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a method of introducing a halogen atom into an aromatic ring by decomposition of a diazonium salt in the presence of a cuprous halide. The reaction is generally carried out by heating the reactants together in excess of halogen acid:
Aryl fluorides are prepared by a somewhat modified method (the Shiemann reaction):
Unlike other methods of introducing halogen into the aromatic ring (such as direct halogenation), the Sandmeyer reaction makes possible the production of aryl halides with the halogen atom in a strictly defined position. The Sandmeyer reaction is widely used to synthesize various aryl halides, many of which are important intermediates in dye production. The Sandmeyer reaction can be used to replace the diazo group by —CN, —SCN, —NO2, —SH, and —N3, as well as —AsO3H2 (the Bart reaction).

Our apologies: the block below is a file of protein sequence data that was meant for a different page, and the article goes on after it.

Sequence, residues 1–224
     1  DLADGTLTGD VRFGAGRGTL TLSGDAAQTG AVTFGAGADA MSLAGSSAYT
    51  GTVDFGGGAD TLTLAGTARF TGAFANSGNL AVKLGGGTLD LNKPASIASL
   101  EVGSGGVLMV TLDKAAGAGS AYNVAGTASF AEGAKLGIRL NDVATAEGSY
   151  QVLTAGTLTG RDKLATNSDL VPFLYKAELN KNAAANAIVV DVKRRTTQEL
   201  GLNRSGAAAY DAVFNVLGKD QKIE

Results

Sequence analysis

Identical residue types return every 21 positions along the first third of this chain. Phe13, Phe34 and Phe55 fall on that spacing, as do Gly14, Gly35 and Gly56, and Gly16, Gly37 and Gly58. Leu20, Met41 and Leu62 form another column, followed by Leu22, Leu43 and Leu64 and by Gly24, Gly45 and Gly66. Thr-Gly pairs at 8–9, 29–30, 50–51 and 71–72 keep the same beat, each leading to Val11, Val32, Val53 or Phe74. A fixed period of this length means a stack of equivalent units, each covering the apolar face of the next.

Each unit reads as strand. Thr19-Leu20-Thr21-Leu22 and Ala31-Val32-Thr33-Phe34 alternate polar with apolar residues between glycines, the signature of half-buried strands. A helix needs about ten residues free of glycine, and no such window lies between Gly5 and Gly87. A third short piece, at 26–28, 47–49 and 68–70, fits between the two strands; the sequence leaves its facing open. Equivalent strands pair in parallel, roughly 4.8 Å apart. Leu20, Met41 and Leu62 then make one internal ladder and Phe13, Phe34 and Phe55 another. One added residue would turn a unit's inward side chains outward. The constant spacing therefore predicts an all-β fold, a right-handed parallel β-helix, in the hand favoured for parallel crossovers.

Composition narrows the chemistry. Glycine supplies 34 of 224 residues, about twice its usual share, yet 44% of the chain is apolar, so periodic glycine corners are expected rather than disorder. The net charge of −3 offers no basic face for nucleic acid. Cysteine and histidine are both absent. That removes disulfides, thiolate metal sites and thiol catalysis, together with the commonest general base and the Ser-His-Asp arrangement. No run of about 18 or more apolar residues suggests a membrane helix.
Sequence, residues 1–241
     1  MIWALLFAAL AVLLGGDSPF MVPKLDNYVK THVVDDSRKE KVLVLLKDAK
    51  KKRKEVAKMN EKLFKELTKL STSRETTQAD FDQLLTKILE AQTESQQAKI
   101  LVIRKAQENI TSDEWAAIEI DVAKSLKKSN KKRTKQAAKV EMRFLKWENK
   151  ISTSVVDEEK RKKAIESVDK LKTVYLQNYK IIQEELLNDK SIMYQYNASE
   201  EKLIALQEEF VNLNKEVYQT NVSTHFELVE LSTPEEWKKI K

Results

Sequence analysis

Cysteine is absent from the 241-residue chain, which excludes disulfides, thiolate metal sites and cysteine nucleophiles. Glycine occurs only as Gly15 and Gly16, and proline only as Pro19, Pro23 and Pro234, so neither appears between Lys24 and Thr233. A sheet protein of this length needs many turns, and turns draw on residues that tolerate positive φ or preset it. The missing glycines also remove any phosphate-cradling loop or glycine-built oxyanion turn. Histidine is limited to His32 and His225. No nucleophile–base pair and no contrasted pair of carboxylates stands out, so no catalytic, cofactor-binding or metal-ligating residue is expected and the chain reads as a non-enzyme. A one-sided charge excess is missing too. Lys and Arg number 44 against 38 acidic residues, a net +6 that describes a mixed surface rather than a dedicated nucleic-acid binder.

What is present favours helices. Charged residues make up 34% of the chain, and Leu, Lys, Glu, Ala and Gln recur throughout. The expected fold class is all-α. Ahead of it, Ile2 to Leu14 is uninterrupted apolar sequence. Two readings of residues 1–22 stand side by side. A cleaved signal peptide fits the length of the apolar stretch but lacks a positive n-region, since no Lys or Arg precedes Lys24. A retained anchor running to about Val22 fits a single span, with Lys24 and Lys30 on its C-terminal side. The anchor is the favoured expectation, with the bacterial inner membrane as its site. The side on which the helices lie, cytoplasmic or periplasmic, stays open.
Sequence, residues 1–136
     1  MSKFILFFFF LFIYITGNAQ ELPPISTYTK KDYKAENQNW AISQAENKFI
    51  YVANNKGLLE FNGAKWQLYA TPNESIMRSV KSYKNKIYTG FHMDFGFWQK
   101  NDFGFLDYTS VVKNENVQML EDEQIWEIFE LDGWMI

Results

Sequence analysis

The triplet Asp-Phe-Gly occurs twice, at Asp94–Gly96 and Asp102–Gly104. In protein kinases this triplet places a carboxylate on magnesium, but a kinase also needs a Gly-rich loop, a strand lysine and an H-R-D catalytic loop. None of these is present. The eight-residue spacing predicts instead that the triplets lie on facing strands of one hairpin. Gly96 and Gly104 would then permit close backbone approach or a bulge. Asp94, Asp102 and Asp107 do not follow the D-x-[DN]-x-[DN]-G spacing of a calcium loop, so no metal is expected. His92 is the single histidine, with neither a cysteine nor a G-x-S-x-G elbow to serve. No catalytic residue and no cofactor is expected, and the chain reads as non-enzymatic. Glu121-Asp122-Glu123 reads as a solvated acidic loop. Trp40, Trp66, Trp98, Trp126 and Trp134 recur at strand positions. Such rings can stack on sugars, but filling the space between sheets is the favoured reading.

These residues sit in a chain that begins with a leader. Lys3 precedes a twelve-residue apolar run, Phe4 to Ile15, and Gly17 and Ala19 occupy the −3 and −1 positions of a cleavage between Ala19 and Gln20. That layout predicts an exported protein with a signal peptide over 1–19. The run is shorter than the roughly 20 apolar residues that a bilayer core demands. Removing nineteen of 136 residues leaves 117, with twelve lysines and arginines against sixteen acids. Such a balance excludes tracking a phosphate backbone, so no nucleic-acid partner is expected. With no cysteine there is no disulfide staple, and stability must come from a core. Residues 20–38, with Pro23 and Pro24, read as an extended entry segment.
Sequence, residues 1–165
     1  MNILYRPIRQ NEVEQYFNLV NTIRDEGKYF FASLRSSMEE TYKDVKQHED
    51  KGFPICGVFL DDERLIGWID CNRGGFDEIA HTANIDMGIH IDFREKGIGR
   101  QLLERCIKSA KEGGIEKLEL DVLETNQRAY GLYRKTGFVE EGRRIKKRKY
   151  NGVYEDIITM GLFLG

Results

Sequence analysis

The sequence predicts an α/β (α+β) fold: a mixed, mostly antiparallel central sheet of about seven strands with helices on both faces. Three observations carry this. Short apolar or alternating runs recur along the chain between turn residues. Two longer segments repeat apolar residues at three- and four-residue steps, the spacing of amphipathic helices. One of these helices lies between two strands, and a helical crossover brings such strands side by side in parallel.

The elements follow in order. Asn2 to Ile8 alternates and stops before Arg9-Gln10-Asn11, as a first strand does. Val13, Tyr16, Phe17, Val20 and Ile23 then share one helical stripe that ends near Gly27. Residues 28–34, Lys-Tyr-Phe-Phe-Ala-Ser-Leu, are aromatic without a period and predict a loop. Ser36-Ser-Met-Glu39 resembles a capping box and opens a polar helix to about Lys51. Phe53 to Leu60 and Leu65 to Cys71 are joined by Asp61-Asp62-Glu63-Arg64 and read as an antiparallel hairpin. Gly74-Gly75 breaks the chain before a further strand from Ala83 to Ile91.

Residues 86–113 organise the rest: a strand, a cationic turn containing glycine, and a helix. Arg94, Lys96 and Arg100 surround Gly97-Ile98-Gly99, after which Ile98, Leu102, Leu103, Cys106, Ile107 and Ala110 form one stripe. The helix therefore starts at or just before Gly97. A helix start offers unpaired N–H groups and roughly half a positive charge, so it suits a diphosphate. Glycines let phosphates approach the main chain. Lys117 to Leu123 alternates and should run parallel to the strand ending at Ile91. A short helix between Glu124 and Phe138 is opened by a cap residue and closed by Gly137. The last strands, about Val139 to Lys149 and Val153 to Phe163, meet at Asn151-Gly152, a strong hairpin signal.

The Sandmeyer reaction was discovered by the Swiss chemist T. Sandmeyer in 1884.